The Bank of Canada (BoC) significantly influences the Canadian Dollar by setting the level of interest rates that banks can lend to each other. This influences the level of interest rates for everyone. The BOC’s main objective is to keep inflation between 1% and 3% by adjusting interest rates up or down. Relatively higher interest rates are usually positive for the CAD. The Bank of Canada can also use quantitative easing and tightening to influence credit conditions, with the first being negative for the CAD and the second being positive for the CAD.

How does the price of oil influence the Canadian dollar?

The price of oil is a key factor influencing the value of the Canadian Dollar. Oil is Canada’s largest export, so the price of oil tends to have an immediate impact on the value of the CAD. Generally, if the price of oil rises, the CAD also rises, as aggregate demand for the currency increases. The opposite occurs if the price of oil falls. Higher oil prices also tend to result in a higher probability of a positive Balance of Trade, which is also support for the CAD.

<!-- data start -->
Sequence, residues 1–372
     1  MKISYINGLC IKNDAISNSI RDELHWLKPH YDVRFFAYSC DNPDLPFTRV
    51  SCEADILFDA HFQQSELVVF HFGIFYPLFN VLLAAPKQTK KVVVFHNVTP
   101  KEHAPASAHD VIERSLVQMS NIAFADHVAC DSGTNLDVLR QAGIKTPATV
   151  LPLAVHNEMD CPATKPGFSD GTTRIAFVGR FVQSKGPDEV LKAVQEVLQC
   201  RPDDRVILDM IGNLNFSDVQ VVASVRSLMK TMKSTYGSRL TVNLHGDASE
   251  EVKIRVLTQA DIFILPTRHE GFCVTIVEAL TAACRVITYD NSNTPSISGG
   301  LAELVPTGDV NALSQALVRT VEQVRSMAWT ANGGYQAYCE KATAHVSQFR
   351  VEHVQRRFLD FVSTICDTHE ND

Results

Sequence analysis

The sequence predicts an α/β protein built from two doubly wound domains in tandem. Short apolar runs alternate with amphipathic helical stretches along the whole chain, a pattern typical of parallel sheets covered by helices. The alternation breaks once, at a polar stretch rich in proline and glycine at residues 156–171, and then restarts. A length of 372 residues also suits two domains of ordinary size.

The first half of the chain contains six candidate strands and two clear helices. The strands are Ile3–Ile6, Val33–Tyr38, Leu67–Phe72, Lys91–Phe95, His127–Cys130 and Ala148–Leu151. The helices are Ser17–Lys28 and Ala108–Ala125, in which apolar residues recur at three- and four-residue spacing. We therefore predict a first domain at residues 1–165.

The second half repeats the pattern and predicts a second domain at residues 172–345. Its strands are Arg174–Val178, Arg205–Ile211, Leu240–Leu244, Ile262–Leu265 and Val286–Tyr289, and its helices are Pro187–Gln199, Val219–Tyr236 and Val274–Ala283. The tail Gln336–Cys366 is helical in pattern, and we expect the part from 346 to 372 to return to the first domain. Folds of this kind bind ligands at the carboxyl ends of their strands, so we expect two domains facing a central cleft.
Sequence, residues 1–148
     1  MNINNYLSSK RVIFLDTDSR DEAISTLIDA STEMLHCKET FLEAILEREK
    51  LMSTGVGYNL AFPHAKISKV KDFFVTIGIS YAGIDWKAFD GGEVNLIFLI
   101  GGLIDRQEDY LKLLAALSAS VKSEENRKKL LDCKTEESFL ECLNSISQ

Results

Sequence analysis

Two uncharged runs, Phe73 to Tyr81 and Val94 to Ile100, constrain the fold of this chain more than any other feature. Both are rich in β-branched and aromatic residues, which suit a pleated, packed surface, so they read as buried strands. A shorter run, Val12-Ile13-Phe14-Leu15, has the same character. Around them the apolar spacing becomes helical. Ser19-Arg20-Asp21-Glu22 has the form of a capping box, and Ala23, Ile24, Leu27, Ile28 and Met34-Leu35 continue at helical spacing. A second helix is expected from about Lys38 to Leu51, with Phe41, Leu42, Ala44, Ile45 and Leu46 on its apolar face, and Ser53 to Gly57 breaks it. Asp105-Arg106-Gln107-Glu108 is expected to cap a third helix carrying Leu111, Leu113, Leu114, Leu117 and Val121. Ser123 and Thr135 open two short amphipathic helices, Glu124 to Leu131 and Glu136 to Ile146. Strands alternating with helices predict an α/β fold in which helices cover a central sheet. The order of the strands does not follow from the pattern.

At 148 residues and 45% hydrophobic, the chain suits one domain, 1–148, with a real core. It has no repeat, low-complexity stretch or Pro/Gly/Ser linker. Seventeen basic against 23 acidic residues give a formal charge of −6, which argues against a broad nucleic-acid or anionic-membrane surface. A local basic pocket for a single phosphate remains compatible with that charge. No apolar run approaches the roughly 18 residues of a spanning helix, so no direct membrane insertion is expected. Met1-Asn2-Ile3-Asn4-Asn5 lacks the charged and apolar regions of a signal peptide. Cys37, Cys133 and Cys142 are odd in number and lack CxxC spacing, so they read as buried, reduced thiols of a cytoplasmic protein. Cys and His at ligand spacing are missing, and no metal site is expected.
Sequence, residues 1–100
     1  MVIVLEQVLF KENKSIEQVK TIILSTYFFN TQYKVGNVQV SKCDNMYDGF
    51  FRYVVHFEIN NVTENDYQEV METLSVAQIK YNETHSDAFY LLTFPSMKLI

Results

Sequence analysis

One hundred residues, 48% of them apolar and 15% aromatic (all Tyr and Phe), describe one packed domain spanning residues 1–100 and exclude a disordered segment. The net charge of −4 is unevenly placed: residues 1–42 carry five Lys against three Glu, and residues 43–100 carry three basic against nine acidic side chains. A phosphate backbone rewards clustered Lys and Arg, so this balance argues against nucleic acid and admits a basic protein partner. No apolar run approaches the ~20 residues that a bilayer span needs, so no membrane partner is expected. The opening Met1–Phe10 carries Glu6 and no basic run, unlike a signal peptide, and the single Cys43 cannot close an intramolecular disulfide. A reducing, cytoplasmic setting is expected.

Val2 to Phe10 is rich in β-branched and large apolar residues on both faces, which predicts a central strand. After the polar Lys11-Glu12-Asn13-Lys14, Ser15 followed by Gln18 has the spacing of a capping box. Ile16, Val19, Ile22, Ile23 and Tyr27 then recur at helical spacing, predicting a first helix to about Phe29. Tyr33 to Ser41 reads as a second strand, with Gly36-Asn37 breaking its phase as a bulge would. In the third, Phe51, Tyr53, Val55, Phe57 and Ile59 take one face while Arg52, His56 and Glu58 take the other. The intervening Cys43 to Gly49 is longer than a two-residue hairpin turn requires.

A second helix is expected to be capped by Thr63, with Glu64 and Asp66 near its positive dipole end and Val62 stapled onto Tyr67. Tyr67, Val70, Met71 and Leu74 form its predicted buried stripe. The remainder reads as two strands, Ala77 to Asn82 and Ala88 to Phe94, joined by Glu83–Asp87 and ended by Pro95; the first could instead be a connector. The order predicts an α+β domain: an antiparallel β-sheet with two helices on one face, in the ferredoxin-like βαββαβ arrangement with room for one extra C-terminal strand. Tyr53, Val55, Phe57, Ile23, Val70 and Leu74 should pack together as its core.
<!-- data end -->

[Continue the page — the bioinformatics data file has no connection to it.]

How does inflation data influence the value of the Canadian Dollar?

Although inflation has traditionally always been considered a negative factor for a currency, reducing the value of money, the opposite has actually happened in modern times, with the relaxation of cross-border capital controls. Inflation tends to lead central banks to raise interest rates, which attracts more capital from international investors looking for a lucrative place to store their money. This increases the demand for the local currency, which in the case of Canada is the Canadian dollar.

How does economic data influence the value of the Canadian dollar?

Macroeconomic data releases measure the health of the economy and can influence the Canadian dollar. Indicators such as GDP, manufacturing and services PMIs, employment and consumer sentiment surveys can influence the direction of the CAD. A strong economy is good for the Canadian dollar. Not only does it attract more foreign investment, but it may encourage the Bank of Canada to raise interest rates, resulting in a stronger currency. However, if economic data is weak, the CAD is likely to fall.

Source: Fx Street